Nervous Democrats aren’t sure at this point. White House officials say they are well aware of how tough their problems are but believe things will brighten politically over the coming months. Looking ahead to next year’s election, senior adviser David Plouffe said Saturday: “We understand the very perilous situation we’re in, but we think we have a pathway forward. But we don’t have much margin for error.”
Plouffe says the tough economy and the ugly debt-ceiling debate have taken a toll on the president’s standing, but he dismisses any suggestion that there has been a break between the president and the electorate that will block his attempt to bounce back.
Obama is not, Plouffe argued, in anything like President George W. Bush’s situation in late 2005, after his administration’s handling of Hurricane Katrina — on top of Iraq-war weariness and other problems — inflicted permanent damage on his presidency.
“They have not at all tuned him out,” Plouffe said of the president and the public. “I completely reject that, the comparison to Bush.”
Four years ago this month, Obama was struggling. His poll numbers against Hillary Rodham Clinton were stagnant. In his estimation, his campaign was operating unevenly, and he was not the candidate he wanted to be. Donors were in revolt. At a meeting with his finance committee that fall, he offered them reassurance. “I will hold your hand,” he said. “. . . We can win this thing if you don’t waver.”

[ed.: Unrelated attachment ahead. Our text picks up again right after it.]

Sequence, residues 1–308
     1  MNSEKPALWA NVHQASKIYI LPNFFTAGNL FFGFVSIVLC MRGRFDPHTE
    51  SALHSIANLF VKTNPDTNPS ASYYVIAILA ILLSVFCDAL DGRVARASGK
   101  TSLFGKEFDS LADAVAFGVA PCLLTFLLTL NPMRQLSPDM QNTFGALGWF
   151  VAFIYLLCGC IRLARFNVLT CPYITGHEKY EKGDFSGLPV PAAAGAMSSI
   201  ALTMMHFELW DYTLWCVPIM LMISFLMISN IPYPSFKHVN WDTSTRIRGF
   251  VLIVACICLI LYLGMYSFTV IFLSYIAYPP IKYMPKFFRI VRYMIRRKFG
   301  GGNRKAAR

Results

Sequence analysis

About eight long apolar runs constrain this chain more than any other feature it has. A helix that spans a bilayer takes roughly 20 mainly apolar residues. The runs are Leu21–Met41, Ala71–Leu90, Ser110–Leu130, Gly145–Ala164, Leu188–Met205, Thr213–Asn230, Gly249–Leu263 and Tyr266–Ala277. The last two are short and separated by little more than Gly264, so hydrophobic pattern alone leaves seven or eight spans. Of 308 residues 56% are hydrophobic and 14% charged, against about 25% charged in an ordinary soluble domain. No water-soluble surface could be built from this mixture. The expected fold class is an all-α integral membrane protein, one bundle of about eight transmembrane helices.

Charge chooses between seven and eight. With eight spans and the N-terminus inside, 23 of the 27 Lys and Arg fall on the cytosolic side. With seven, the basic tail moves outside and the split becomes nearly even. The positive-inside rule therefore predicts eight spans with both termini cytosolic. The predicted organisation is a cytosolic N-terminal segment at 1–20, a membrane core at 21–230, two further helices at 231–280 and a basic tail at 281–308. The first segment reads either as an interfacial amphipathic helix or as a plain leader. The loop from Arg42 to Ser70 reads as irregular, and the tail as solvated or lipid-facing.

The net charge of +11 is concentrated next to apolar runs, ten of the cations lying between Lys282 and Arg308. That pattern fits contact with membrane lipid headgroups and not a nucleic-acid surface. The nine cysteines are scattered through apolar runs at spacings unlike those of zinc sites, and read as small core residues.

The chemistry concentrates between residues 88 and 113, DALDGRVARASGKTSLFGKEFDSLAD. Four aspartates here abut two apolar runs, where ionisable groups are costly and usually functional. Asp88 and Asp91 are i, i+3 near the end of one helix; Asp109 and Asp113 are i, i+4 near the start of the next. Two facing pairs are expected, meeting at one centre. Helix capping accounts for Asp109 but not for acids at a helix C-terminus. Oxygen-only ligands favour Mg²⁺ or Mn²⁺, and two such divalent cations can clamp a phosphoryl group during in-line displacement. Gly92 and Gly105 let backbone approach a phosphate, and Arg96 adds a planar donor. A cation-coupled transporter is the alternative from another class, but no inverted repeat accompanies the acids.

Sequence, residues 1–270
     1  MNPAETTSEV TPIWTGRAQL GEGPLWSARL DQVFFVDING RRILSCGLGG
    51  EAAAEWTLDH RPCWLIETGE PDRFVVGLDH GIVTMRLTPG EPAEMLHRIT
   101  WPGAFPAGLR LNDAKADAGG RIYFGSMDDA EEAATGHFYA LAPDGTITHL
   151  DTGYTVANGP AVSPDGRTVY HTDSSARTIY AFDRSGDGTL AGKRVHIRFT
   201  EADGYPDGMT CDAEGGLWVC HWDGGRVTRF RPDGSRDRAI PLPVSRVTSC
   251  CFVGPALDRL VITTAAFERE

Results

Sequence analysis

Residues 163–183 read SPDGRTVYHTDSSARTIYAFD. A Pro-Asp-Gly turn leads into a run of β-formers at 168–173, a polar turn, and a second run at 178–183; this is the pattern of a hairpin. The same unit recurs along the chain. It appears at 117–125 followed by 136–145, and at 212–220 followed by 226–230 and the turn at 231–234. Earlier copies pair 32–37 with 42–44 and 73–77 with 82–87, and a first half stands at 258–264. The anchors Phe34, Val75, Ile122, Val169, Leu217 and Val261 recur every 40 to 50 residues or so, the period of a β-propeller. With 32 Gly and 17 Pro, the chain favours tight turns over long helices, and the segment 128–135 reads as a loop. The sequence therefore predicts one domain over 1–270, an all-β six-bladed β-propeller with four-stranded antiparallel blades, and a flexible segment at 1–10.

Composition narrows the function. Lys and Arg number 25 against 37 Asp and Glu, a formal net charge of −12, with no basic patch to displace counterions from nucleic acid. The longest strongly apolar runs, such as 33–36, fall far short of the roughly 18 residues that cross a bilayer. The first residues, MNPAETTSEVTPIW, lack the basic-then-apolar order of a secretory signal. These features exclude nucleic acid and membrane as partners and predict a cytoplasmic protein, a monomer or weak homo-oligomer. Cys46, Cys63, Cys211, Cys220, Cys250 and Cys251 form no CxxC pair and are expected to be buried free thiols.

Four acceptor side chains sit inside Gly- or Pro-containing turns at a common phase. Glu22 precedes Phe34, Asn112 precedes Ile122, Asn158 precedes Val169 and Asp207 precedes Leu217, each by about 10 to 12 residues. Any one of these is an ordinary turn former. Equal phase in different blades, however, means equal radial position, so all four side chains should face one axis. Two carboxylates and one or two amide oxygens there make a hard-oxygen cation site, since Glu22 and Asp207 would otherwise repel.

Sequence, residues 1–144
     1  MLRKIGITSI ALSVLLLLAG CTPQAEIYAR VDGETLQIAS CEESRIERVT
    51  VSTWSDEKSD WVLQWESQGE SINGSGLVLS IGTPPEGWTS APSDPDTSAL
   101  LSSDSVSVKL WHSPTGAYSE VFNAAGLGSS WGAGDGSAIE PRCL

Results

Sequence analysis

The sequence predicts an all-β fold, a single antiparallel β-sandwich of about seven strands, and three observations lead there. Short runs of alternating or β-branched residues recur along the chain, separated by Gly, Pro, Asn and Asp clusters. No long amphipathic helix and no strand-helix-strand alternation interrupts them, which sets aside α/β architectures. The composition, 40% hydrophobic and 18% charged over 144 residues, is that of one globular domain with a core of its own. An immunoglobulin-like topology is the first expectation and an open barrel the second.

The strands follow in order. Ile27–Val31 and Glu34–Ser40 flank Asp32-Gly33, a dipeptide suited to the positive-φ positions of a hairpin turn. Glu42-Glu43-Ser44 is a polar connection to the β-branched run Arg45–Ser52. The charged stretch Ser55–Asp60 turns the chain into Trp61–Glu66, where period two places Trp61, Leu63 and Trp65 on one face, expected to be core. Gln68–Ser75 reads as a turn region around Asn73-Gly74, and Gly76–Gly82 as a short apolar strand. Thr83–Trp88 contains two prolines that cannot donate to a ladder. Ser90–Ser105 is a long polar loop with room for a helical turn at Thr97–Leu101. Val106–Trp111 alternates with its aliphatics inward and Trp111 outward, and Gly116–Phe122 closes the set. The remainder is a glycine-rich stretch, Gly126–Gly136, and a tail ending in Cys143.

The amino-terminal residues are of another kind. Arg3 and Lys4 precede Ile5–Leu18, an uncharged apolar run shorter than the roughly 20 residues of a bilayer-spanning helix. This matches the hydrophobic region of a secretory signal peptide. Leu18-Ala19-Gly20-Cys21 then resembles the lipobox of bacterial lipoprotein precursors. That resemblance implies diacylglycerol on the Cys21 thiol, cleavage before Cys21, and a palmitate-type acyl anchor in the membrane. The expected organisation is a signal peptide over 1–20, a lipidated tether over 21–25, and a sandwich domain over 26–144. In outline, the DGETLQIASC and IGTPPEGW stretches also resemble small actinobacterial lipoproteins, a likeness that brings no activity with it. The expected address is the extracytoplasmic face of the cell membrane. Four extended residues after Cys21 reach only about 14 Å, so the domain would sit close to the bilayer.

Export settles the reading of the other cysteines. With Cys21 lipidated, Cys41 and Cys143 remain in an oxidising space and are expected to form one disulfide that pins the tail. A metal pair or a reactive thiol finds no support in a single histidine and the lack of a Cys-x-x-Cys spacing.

Two months later, after some tactical changes in the campaign and considerable sharpening of his message, Obama finally found his voice at the Jefferson Jackson dinner in Iowa. His campaign started to gain traction, and he became the candidate that many of his followers hoped he would be.
A campaign slump
Three years ago, in mid-September, the Obama campaign went into another slump. Republican nominee John McCain and his vice presidential running mate, Sarah Palin, came out of their convention with unexpected momentum. Some polls showed McCain ahead of Obama. Democrats were complaining about the Obama team. Plouffe dismissed those complaints to the New York Times as “bed-wetting.”
Not entirely. Obama gathered his advisers together on the night of Sept. 14, 2008, and told them the campaign had become too reactive. He gave orders to shape up.
In that case, it wasn’t necessary. The next day, Lehman Brothers went belly up, changing the campaign overnight and sealing McCain’s fate. Obama was the beneficiary of external events that worked politically in his favor. The September slump was quickly forgotten.